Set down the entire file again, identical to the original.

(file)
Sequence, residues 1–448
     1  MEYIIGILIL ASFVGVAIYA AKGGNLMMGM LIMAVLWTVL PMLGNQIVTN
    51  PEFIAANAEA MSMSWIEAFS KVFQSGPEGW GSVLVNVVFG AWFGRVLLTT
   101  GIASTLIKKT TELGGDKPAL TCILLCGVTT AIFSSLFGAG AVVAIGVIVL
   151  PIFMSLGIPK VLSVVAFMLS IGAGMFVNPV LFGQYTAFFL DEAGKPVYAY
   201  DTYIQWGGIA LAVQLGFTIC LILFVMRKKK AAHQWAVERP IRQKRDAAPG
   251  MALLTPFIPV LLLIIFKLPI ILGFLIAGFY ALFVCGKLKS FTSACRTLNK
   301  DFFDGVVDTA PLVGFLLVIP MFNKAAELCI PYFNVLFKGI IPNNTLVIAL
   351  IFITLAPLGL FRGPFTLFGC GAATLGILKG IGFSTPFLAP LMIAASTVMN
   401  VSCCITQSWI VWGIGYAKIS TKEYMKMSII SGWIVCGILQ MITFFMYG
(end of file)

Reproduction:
Sequence, residues 1–448
     1  MEYIIGILIL ASFVGVAIYA AKGGNLMMGM LIMAVLWTVL PMLGNQIVTN
    51  PEFIAANAEA MSMSWIEAFS KVFQSGPEGW GSVLVNVVFG AWFGRVLLTT
   101  GIASTLIKKT TELGGDKPAL TCILLCGVTT AIFSSLFGAG AVVAIGVIVL
   151  PIFMSLGIPK VLSVVAFMLS IGAGMFVNPV LFGQYTAFFL DEAGKPVYAY
   201  DTYIQWGGIA LAVQLGFTIC LILFVMRKKK AAHQWAVERP IRQKRDAAPG
   251  MALLTPFIPV LLLIIFKLPI ILGFLIAGFY ALFVCGKLKS FTSACRTLNK
   301  DFFDGVVDTA PLVGFLLVIP MFNKAAELCI PYFNVLFKGI IPNNTLVIAL
   351  IFITLAPLGL FRGPFTLFGC GAATLGILKG IGFSTPFLAP LMIAASTVMN
   401  VSCCITQSWI VWGIGYAKIS TKEYMKMSII SGWIVCGILQ MITFFMYG